Race and Ethnicity
Japanese Internment Camps of World War II
To be the enemy, or not to be the enemy, that is the question. After the surprise attack on Pearl Harbor, many Americans believed that the Japanese Americans, also called Nikkei, were disloyal and associated with the enemy. There were rumors that they exchanged military information and had hidden connections. None of these claims were ever proven. The U.S. government became increasingly paranoid about this new problem and demanded action. On Thursday, February 19, 1942, President Roosevelt issued the Executive Order 9066, which called for an evacuation of Japanese Americans on the west coast with the excuse of a “military necessity.” The government’s hasty enforcement of Executive Order 9066 in reaction to public hysteria, not only violated the rights of Japanese Americans, but also resulted in unnecessary effort and attention towards the internment camps.
The United States government had no right to intern Japanese Americans because of their ethnic background. People argued that the Japanese aliens in the United States posed as a threat but in reality “more than two-thirds of the Japanese who were interned in the spring of 1942 were citizens of the United States” (Ross). The Nikkei had the same rights as any other American citizen, yet they were still interned. The public skipped to the conclusion that all people of Japanese ancestry were saboteurs which heightened racial prejudices. Furthermore, the accusation of disloyalty among Japanese Americans caused the state department to send Agent Curtis B. Munson to investigate this issue among the Japanese Americans; he concluded “there is no Japanese problem on the west coast…a remarkable, even extraordinary degree of loyalty among this generally suspect ethnic group” (Chronology). Munson’s report stated that there was no military necessity for mass incarceration of these people, yet the government ignored and kept the report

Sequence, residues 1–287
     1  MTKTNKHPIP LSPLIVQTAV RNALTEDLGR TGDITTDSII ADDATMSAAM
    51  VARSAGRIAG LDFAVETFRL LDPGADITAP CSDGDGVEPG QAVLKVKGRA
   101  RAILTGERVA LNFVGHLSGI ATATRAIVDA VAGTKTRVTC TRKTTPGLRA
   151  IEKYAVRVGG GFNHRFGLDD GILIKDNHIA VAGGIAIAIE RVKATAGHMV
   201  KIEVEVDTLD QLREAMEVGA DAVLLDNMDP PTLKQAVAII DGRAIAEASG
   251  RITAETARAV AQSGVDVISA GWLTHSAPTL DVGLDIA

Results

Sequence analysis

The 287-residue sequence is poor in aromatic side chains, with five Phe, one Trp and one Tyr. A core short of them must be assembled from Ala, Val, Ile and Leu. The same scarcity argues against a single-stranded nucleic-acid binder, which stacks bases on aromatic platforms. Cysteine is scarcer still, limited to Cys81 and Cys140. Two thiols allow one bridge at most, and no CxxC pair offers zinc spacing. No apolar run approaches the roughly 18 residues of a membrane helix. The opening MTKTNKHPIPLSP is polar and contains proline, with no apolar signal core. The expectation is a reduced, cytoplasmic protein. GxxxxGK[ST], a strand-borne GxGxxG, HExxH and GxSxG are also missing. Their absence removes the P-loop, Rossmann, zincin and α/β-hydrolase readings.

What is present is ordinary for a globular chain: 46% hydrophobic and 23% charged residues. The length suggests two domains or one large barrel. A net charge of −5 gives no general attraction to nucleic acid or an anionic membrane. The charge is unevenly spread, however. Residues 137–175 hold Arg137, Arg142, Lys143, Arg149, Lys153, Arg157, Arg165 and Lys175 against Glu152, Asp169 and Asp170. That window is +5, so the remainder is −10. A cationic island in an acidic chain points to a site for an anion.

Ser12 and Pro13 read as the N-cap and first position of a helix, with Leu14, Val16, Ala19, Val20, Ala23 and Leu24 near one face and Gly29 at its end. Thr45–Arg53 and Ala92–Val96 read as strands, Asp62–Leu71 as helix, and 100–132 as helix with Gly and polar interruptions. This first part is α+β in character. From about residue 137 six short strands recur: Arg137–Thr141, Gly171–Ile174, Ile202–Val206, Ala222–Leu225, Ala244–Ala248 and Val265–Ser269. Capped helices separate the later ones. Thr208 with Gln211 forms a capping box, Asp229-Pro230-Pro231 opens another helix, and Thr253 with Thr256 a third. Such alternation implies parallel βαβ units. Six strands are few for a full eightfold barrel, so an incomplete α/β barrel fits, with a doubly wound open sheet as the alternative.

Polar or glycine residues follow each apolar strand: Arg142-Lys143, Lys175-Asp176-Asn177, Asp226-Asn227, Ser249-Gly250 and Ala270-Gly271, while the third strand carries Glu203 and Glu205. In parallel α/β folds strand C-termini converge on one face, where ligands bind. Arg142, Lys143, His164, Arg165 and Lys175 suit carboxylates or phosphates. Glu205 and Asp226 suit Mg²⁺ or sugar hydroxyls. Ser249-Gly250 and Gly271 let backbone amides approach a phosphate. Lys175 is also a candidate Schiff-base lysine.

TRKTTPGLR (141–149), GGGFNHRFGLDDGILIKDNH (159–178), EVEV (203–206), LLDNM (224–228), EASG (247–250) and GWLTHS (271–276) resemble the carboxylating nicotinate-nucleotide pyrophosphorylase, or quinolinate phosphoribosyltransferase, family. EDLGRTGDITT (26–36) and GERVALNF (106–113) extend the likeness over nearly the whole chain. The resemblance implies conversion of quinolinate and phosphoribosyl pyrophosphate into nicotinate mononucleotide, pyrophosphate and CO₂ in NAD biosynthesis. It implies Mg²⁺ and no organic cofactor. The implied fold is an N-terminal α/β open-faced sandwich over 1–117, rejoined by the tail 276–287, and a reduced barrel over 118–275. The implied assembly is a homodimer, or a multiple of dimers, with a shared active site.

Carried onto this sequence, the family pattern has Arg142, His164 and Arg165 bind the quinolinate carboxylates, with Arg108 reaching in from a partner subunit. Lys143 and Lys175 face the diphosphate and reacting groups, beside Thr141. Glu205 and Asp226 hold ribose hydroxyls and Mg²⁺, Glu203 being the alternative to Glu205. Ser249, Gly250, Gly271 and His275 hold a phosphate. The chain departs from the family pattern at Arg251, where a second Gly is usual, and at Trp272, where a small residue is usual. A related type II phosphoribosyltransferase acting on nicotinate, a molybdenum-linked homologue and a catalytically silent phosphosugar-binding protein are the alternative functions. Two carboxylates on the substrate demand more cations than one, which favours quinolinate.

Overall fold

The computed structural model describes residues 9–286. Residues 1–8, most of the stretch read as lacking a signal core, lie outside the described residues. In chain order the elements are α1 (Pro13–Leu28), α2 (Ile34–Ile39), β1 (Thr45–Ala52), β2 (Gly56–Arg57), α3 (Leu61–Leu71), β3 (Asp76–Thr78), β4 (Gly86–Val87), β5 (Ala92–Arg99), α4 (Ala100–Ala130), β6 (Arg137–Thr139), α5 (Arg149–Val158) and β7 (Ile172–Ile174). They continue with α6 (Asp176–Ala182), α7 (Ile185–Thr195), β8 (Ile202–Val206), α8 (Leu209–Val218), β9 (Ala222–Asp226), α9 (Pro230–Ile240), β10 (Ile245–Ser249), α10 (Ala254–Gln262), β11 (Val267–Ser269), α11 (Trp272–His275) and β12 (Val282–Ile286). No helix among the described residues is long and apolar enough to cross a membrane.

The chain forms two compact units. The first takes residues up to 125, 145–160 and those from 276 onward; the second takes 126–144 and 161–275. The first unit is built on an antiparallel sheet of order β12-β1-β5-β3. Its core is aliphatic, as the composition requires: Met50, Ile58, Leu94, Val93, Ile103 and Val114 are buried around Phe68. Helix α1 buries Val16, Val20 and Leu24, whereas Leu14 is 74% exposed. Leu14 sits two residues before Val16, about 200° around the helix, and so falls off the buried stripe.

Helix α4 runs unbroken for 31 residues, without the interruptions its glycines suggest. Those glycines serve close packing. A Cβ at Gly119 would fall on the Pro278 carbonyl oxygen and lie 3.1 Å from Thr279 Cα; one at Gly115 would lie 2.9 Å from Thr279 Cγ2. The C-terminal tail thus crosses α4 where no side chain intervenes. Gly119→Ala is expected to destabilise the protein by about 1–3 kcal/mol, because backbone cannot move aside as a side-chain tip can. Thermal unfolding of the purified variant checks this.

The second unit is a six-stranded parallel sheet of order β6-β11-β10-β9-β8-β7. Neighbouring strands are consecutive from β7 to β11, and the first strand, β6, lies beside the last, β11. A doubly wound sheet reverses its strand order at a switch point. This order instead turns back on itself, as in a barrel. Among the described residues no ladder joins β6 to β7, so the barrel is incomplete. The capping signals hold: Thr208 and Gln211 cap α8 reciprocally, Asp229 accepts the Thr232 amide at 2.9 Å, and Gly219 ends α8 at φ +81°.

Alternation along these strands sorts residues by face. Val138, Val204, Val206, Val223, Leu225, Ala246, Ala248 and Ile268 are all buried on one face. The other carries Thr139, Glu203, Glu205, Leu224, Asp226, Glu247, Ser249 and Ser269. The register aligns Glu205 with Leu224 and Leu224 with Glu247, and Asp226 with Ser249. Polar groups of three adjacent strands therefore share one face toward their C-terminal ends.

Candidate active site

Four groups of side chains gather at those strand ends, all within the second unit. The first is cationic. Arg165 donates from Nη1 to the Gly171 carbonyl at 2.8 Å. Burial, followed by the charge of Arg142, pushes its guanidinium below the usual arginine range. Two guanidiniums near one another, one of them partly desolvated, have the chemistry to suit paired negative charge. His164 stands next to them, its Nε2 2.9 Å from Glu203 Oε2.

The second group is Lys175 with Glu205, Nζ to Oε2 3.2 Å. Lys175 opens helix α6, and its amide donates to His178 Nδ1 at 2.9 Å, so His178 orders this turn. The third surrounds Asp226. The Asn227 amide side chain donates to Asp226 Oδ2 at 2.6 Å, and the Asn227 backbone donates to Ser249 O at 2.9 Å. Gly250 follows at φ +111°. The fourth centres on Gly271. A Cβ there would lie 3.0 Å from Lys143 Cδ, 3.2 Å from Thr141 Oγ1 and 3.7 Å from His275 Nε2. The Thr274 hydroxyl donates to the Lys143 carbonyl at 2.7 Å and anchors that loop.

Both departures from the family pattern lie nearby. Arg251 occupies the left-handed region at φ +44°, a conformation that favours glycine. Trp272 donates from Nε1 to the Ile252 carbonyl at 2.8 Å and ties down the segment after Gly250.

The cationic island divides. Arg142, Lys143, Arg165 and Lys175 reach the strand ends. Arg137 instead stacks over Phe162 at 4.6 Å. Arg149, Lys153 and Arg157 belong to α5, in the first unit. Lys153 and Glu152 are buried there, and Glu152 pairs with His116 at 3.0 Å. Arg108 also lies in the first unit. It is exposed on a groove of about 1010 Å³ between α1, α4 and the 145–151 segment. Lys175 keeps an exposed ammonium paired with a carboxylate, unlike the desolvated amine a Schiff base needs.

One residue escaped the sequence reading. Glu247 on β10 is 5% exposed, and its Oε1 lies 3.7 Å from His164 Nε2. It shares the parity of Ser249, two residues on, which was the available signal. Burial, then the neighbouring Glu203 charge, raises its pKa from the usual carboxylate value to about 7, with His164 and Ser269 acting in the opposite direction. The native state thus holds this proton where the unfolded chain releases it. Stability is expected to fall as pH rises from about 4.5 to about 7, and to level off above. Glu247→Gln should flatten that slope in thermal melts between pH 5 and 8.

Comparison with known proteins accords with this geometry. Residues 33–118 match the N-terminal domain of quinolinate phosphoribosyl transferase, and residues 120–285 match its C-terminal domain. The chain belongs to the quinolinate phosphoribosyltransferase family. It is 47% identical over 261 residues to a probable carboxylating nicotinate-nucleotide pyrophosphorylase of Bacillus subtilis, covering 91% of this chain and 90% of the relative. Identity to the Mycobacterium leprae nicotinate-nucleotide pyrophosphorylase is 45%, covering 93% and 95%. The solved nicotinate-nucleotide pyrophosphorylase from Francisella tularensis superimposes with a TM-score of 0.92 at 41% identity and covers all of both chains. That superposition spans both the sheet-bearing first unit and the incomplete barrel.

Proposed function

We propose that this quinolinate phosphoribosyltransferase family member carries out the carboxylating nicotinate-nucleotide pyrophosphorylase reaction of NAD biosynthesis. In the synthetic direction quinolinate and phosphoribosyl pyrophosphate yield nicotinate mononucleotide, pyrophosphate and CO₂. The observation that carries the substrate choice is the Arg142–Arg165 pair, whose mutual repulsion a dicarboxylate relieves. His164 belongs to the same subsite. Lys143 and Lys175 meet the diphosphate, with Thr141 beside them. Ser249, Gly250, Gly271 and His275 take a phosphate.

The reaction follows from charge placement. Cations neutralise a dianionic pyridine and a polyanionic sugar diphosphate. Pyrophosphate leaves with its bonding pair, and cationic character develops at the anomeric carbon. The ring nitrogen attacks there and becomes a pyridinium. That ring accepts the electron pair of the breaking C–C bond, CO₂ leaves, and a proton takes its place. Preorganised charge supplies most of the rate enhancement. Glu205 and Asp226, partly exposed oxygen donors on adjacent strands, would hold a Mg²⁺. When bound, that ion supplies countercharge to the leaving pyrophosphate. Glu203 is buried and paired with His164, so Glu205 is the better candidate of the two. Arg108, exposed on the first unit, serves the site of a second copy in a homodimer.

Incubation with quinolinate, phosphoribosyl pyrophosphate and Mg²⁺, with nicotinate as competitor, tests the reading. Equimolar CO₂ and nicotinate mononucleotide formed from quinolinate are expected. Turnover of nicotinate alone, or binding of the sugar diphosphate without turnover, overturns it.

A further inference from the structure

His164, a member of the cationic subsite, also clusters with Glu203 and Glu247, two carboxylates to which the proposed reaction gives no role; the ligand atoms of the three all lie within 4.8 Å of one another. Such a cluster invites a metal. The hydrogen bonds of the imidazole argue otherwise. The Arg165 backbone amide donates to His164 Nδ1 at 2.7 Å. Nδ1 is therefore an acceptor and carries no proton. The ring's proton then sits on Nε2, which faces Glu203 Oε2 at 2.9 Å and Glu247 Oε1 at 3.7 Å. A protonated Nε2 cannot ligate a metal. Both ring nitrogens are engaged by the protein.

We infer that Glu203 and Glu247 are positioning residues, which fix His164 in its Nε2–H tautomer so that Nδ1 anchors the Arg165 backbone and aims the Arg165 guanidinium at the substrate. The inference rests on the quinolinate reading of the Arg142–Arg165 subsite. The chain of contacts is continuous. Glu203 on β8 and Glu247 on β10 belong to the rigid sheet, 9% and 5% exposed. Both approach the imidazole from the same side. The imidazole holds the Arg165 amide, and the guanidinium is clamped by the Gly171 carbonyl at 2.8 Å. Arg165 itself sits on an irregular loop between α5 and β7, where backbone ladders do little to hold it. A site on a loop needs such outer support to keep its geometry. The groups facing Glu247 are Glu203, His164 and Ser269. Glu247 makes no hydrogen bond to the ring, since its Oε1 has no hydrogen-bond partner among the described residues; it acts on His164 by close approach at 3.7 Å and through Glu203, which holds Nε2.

Cited: Qman.com. Web. 31 Mar. 2010. 2010. Web. 30 Mar. 2010 Ross, Shmuel, and Ricco Villanueva 2000–2007 Pearson Education, publishing as Infoplease. Web. 31 Mar. 2010 The LegiSchool Project Discussion of Civil Liberties Then and Now. California State Capitol, May 2, 2000.